That all changes once the acquisition of a target company is announced which introduces significant risk, rewards, and conflicts. For deals that are well received by the market there is typically a frenzy of trading following the announcement, or even before in some cases based on rumors. In addition, through a Private Investment in Public Equity or “PIPE” for short, the sponsor has the ability to raise additional capital at much lower prices than the $10 IPO price; this results in dilution of the original SPAC investors that participated in the deal. PIPE investors get in cheap as a concession for supporting the deal and competition is fierce to participate. Often PIPE investors secure their allocations by supporting the SPAC sponsor with risk capital in the SPAC’s early days. This creates a classic insider vs. outsider dynamic where the majority of profits are realized by institutional investors at the expense of ordinary investors. That being said, all investors, retail or otherwise, retain their $10 put prior to the business combination closing, so presumably have less downside than they otherwise would have in making speculative investments.
As to why SPAC activity has exploded, this is difficult to attribute to one particular thing. One of the primary drivers is the current market environment of elevated valuations, which creates an incentive for private companies to go public. Another cause is the high level of participation in markets by retail investors, a cohort of which is prone to speculation. This is partly evidenced by the shift of SPACs to “growth” from “value” companies. Finally, there is a real economic incentive at work for private companies to go public given the public markets have a lower cost of capital and give growth companies the ability to scale more quickly by tapping the capital markets. Despite these benefits, many venture capitalists and rapidly growing companies in the private markets have avoided IPOs due to onerous listing requirements and road shows, which some would argue has stood in the way of the public getting access to promising early-stage investments. Going the SPAC route eases some of this burden.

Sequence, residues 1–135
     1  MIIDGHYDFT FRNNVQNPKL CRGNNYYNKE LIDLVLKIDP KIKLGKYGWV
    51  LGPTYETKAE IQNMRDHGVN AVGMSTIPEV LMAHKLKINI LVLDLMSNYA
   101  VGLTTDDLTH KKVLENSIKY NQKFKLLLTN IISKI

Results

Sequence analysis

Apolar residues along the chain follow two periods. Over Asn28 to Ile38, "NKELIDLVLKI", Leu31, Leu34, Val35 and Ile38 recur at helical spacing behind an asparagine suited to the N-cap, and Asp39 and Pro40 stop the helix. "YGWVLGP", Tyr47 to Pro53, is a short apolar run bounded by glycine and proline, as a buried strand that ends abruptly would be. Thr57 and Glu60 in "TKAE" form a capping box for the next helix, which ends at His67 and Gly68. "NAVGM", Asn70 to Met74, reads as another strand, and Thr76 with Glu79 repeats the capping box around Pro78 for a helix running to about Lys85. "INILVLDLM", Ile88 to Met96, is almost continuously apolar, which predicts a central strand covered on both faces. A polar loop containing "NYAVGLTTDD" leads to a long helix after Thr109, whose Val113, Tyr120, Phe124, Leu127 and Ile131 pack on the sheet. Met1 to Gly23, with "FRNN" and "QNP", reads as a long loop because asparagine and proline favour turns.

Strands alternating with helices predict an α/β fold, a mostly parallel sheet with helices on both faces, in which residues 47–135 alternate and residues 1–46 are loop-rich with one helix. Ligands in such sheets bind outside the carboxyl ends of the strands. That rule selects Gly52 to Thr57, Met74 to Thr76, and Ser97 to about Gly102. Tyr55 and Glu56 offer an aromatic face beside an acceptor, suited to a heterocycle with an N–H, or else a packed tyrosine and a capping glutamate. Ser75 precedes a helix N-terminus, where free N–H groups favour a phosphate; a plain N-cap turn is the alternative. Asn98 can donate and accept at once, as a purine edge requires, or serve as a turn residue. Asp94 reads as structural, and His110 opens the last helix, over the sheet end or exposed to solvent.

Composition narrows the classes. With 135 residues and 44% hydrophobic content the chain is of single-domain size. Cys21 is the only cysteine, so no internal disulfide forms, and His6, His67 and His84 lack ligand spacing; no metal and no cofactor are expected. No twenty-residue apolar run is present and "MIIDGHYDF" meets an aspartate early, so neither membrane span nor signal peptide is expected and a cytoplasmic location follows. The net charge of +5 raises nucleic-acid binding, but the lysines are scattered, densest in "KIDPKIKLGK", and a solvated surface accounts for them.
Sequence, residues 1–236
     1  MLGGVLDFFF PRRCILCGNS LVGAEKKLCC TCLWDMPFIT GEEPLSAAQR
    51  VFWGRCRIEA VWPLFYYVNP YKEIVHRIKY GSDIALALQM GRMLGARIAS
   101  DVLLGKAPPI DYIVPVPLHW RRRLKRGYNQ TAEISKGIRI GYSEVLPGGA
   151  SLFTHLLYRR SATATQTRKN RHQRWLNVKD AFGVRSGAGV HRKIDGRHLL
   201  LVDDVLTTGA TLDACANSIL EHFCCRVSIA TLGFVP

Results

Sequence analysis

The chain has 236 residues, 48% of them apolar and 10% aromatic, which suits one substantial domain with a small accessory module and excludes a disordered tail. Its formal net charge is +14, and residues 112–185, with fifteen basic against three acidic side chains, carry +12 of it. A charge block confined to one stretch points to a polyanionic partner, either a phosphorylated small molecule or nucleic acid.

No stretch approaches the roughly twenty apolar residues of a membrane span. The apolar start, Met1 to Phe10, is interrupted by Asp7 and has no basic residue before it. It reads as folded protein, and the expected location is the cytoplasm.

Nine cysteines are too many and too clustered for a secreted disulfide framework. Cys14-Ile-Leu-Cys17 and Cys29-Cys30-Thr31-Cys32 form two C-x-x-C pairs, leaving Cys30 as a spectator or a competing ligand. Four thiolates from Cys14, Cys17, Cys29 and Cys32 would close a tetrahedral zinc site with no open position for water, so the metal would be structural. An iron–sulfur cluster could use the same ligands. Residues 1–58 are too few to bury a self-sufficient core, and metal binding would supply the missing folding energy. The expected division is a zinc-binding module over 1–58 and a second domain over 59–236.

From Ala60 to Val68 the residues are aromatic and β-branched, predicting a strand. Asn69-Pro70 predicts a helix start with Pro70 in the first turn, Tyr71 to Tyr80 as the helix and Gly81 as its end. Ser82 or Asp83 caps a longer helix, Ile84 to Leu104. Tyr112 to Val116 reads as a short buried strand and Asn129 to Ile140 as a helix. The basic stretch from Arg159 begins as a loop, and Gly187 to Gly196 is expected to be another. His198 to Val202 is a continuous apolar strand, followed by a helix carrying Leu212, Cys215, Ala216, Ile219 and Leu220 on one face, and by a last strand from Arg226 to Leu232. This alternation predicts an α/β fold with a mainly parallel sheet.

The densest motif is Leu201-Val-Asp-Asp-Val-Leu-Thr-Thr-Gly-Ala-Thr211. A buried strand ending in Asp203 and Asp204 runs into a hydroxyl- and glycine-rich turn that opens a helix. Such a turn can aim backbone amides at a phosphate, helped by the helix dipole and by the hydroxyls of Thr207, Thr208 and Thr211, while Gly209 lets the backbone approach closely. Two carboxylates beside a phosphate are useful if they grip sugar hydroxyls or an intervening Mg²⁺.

So what should the takeaway be for investors interested in SPACs? Simply put, avoid speculation, and ensure that you find yourself on the right side of the table when investing in SPACs. Several alternative investment managers run by experienced portfolio managers have been successful by following an arbitrage framework and enhancing returns by participating in sponsor economics in exchange for helping to bring SPACs to market (the right side of the table).
To use a mining analogy, it is generally better to sell pickaxes and shovels during a gold rush, then to mine for gold. The SPAC sponsors and the institutional investors that support them are selling the pickaxes here. Whether the ordinary investors that hold SPAC shares post business combination are also able to strike it rich remains to be seen.
1. Grantham stumbles on $200m profit after SPAC swoop on battery maker, Financial Times, December 8th, 2020